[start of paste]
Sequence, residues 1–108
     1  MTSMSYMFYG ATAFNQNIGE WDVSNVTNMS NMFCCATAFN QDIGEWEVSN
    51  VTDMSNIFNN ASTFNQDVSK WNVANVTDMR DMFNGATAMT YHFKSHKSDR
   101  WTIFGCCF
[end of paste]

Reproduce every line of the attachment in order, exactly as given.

Sequence, residues 1–108
     1  MTSMSYMFYG ATAFNQNIGE WDVSNVTNMS NMFCCATAFN QDIGEWEVSN
    51  VTDMSNIFNN ASTFNQDVSK WNVANVTDMR DMFNGATAMT YHFKSHKSDR
   101  WTIFGCCF